Plan to reopen centre debated
Nelson city councillors were today discussing a plan to appoint a project manager to get the earthquake-vulnerable Trafalgar Centre reopened, possibly for a fraction of the estimated $27 million cost.
Critics have flayed the council over the centre's sudden closure just before Christmas, and its staff reports on the building's foundations have become an embarrassment, proven inaccurate by people associated with the centre's beginnings in the early 1970s.
Further mortification has come from the fact that the council spent $7m building the centre's southern extension three years ago - the only section now thought to need work both above and below ground.
The council has said the closure was because of the risk of the building's "catastrophic failure" in a quake while holding up to 4000 people.
It has forced the relocation of the Nelson Giants basketball team to the ill-suited Saxton Stadium, and the loss of several events, with no indication of when or even if the centre will reopen.
Today, councillors were discussing a series of recommendations in a report from infrastructure group manager Alec Louverdis.
He suggested that plans for the centre's northern end extension be downscaled; that $450,000 be approved to appoint a project manager, with remedial work to be approved by the council and publicly tendered; and that expenditure be funded from existing provisions in the 2013-14 and 2014-15 capital budgets.
The project manager would drive the investigation process needed for a concept design and deliver the initial plan to the council, Louverdis wrote.
His report does not include costings, but in a piece for today's Nelson Leader, Nelson Mayor Rachel Reese says that nearly $24m of the projected strengthening cost was for below-ground work across the site.
"The main hall, northern end and Civil Defence sections of the building are likely to need above-ground work only," she wrote. "With the new advice, a solution now looks practically and financially viable."
In his report to today's meeting, Louverdis said a technical working party project team of council staff and nine outside experts met on May 7. It found that there were "structural deficiencies" in all parts of the building, which would be exacerbated by liquefaction and consequent lateral spread in an earthquake.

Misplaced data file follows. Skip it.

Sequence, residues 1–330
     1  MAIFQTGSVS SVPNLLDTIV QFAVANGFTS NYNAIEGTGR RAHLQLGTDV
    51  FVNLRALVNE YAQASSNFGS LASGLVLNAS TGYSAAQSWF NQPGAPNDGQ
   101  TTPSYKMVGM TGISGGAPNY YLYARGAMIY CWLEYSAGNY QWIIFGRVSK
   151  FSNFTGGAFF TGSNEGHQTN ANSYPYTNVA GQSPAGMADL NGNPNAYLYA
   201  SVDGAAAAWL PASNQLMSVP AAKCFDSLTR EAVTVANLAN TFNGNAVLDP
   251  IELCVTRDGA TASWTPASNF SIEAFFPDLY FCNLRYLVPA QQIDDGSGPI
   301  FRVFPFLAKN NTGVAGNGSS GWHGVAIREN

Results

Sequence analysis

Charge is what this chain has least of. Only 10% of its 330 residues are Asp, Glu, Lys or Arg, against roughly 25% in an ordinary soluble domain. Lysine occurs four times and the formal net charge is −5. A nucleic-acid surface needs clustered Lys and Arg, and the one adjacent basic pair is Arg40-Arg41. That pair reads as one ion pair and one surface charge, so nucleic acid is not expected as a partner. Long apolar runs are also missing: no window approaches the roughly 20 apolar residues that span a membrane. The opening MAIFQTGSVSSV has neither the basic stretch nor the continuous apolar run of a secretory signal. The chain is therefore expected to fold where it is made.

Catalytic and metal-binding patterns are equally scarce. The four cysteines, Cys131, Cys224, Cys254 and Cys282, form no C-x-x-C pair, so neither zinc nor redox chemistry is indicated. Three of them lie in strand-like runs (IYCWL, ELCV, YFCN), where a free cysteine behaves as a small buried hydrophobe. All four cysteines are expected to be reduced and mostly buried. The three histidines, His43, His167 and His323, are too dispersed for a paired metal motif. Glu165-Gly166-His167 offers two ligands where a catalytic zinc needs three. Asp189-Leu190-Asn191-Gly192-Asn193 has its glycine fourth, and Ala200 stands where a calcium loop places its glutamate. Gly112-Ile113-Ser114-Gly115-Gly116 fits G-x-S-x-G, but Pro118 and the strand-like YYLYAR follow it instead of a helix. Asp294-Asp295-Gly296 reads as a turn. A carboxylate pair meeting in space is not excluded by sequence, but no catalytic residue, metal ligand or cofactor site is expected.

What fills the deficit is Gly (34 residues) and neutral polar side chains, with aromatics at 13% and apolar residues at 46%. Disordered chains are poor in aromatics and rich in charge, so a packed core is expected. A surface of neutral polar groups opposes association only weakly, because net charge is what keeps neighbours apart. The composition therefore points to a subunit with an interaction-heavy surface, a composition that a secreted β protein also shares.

The project team said an acceptable way forward would be to do above-ground works to improve tolerance to ground movements, and reduce the requirement for underground work, noting that "the southern end will likely need above- and below-ground work".
It also called for additional investigative work to better understand the scope of the project and the options for reopening the centre, which it described as a building of value, with good qualities, which was worth remediating.
Louverdis said external consultants would be needed, with the next stage to investigate the options identified by the working party for the council to decide the work it wanted to do.
The council has provided $10.2m in its 2012-22 long-term plan for extending the centre's northern end. Louverdis said it was unlikely that the council could fund the extension as well as the remedial work.
He concluded that the centre had been programmed to close this year for the northern end extension. Instead of this, further investigative work would be done to allow for a concept design. "This should lead shortly thereafter to detailed design and remedial work getting under way."
If the council approved the appointment of a project manager, the job would be advertised, he said.
The Nelson Mail